President Lincoln: Hero or Monster?

President Lincoln is the centerpiece of American mythology. Public schools teach us to adore him. His brilliance and leadership are hailed by historians and politicians. President Lincoln saved the Union, freed the slaves, and inspired a nation. Check out these glowing words from Roy Klabin at PolicyMic:

Abraham Lincoln is one of America’s most celebrated presidents, having led us though our most troubled times. He was made great not by the circumstances that he found himself in, but the fortitude and honor with which he navigated them. The Civil War that erupted, and the manner in which Lincoln quelled it, showed us that however varied the ideas within our flourishing democracy may become, our strongest virtue comes in sustaining our unity and resolving our differences.

Fortitude? Honor? Please. Unfortunately, the truth is far uglier. President Lincoln’s quest to “save the union” cost an estimated 750,000 lives (including my third great grandfather). He wanted to force African-Americans to resettle in Central America. And there is no evidence he helped to pass the 13th Amendment, despite what Steven Spielberg would have you believe. In fact, the only 13th amendment President Lincoln tried to pass was the Corwin Amendment, which sought to prevent interference with slavery. Here’s more on the mythology surrounding President Lincoln and the 13th Amendment from Thomas DiLorenzo at LewRockwell.com:

Steven Spielberg’s new movie, Lincoln, is said to be based on several chapters of the book Team of Rivals by Doris Kearns-Goodwin, who was a consultant to Spielberg. The main theme of the movie is how clever, manipulative, conniving, scheming, lying, and underhanded Lincoln supposedly was in using his “political skills” to get the Thirteenth Amendment that legally ended slavery through the U.S. House of Representatives in the last months of his life. This entire story is what Lerone Bennett, Jr. the longtime executive editor of Ebony magazine and author of Forced into Glory: Abraham Lincoln’s White Dream, calls a “pleasant fiction.” It never happened…

There is no evidence that Lincoln provided any significant assistance in the passage of the Thirteenth Amendment in the House of Representatives in 1865, but there is evidence of his effectiveness in getting an earlier Thirteenth Amendment through the House and the Senate in 1861. This proposed amendment was known as the “Corwin Amendment,” named after Ohio Republican Congressman Thomas Corwin. It had passed both the Republican-controlled House and the Republican-dominated U.S. Senate on March 2, 1861, two days before Lincoln’s inauguration, and was sent to the states for ratification by Lincoln himself. The Corwin Amendment would have prohibited the federal government from ever interfering with Southern slavery…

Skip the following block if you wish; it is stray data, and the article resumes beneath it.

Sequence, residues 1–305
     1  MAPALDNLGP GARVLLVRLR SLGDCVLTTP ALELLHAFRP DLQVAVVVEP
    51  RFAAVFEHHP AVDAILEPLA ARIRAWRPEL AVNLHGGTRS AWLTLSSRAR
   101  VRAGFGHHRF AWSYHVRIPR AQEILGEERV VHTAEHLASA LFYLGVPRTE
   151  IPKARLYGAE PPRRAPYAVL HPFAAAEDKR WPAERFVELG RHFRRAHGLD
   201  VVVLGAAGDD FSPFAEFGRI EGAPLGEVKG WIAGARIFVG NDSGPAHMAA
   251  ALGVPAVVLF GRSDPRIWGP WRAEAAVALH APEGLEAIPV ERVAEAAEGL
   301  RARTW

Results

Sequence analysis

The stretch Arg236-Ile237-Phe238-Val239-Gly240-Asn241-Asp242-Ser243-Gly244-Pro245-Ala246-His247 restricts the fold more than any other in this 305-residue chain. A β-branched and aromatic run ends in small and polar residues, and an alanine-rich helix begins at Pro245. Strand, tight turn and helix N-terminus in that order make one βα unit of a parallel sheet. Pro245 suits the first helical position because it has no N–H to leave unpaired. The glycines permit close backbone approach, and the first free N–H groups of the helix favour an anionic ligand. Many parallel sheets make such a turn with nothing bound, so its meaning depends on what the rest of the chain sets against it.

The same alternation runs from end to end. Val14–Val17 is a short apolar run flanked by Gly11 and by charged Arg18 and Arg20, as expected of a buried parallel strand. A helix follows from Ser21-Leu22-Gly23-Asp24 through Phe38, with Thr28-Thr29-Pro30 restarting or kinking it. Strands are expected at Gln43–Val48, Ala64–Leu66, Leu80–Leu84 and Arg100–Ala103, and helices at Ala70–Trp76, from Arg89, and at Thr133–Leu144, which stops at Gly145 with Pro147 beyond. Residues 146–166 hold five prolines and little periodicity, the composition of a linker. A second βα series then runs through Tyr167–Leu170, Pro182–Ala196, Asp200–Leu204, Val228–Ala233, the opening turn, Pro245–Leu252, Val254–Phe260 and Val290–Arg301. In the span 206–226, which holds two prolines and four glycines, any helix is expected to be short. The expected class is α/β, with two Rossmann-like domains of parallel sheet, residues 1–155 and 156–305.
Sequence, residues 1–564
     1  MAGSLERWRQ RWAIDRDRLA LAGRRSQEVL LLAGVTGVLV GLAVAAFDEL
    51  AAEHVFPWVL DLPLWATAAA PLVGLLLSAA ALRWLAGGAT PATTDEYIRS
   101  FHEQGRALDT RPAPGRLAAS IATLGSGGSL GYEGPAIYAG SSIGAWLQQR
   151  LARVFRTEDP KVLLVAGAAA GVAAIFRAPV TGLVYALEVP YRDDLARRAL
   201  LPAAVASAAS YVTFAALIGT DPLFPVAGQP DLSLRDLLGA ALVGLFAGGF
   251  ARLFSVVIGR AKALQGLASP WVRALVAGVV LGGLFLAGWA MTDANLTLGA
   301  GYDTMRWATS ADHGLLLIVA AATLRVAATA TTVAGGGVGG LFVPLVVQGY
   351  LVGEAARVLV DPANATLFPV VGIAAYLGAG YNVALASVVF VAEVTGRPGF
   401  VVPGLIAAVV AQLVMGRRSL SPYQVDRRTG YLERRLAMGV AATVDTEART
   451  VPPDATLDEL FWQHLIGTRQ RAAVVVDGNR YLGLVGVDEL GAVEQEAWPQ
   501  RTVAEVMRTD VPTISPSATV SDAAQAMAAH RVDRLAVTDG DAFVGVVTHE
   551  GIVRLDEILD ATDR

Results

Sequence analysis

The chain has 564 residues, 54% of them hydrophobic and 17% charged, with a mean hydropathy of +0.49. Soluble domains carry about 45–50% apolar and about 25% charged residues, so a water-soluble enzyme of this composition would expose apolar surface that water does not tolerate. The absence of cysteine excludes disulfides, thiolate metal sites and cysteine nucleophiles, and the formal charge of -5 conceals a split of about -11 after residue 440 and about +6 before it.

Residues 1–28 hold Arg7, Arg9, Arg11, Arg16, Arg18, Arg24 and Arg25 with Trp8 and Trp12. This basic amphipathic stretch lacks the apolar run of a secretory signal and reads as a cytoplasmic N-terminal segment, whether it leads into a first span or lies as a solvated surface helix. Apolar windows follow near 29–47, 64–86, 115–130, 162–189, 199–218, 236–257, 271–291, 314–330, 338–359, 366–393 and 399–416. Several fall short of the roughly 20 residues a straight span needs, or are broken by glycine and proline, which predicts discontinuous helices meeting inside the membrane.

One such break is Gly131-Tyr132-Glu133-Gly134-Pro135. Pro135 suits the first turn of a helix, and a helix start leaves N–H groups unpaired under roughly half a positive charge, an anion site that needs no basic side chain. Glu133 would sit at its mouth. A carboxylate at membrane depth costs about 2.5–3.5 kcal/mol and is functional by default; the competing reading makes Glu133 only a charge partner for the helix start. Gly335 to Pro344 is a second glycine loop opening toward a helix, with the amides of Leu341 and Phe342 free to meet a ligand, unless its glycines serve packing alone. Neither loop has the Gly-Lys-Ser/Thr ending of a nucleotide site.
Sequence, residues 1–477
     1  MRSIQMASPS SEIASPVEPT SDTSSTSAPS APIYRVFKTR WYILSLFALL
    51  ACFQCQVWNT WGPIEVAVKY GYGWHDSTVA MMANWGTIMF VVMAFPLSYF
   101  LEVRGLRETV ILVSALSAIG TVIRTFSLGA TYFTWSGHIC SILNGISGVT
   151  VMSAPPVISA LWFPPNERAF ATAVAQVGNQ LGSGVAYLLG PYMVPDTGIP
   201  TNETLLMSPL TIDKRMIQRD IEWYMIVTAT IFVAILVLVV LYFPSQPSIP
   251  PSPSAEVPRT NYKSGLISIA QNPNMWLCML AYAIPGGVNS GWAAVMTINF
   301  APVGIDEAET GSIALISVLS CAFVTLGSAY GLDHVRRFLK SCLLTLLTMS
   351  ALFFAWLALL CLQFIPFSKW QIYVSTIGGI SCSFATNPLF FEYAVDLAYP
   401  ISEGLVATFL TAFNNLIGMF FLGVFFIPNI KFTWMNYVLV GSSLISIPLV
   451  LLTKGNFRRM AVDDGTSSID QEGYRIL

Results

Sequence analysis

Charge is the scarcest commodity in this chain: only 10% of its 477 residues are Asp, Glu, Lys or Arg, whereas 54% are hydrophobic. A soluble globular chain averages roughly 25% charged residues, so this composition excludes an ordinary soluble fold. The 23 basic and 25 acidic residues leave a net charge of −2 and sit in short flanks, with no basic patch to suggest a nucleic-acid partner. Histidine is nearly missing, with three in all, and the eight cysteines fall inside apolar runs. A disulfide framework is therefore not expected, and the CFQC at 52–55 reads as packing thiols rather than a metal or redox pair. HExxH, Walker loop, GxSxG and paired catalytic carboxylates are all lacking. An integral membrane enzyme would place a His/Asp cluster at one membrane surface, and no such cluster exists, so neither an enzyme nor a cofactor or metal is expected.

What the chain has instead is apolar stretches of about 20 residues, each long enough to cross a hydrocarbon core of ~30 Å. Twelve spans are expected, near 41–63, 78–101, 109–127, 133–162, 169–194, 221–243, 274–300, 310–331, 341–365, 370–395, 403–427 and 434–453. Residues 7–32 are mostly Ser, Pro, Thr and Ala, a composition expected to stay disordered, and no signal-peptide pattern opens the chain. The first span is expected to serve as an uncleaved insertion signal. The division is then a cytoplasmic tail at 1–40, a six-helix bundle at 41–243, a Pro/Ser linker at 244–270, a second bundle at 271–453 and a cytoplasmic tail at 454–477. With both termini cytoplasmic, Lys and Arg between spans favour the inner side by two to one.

(See the rest at LewRockwell.com)

Protolanguages: Decoding Words from the Past?

Protolanguages are hypothetical ancestors of modern languages. For example, modern Maya, as well as other ancient Mesoamerican scripts (Olmec, Zapotec, Classic Maya to name a few) are believed to have descended from an original language called Proto-Mayan (see chart). Needless to say, decoding protolanguages is a massive undertaking. Here’s more on a new computer system which appears to do the job quickly and with decent accuracy from the University of British Columbia:

University of British Columbia and Berkeley researchers have used a sophisticated new computer system to quickly reconstruct protolanguages – the rudimentary ancient tongues from which modern languages evolved.

The results, which are 85 per cent accurate when compared to the painstaking manual reconstructions performed by linguists, will be published next week in the Proceedings of the National Academy of Sciences.

“We’re hopeful our tool will revolutionize historical linguistics much the same way that statistical analysis and computer power revolutionized the study of evolutionary biology,” says UBC Assistant Prof. of Statistics Alexandre Bouchard-Côté, lead author of the study…

(See the rest at University of British Columbia)

Does America need the Constitution?

No, according to Louis Michael Seidman. He wants to keep the government but toss the Constitution, arguing that it was written by a very specific set of people from a very different time period. So, rather than debate the merits of an issue, we debate what people who died a long time ago would’ve thought about it. He also makes the very good point that we shouldn’t depend on the Constitution to secure our natural rights like freedom of speech.

The issue with the U.S. Constitution (and really any written document) is that it can be tortured to mean just about anything. And since government has a natural tendency to grab power, politicians can easily interpret the Constitution in order to do so (case examples: the Commerce and the Necessary and Proper Clauses).

As a restraint on government, the Constitution has proven remarkably ineffective. Then again, it’s not clear to me that a U.S. government without the Constitution would be much better. Here’s more from an interview with Seidman, conducted by Amy Crawford at Smithsonian Magazine:

What would we gain by giving up constitutional obligations?

It would improve deliberation and rhetoric about issues that divide us—gun control, for example. Now, to the horror of most of my friends, I am actually quite skeptical about gun control. But that’s a subject on which reasonable people can disagree. But what happens when you start thinking about constitutional obligations? All of the sudden the argument is not, “How are you going to enforce this? Would it actually prevent violence? Would it cause more violence?” The argument is about, “What exactly did the word ‘militia’ mean 200 years ago? What is the relationship between the ‘bear arms’ clause in the English Bill of Rights and the American Bill of Rights?”

Those are questions that historians ought to have some interest in, but they’re completely irrelevant to the issue of gun control in 21st century America. Without enlightening us, arguments of constitutionalism unnecessarily divide us. Now, all of the sudden, instead of talking about a policy decision that reasonable people could disagree about, we’re talking about whether one’s opponent is really an American, whether they are violating the document that defines us and creates us as a nation.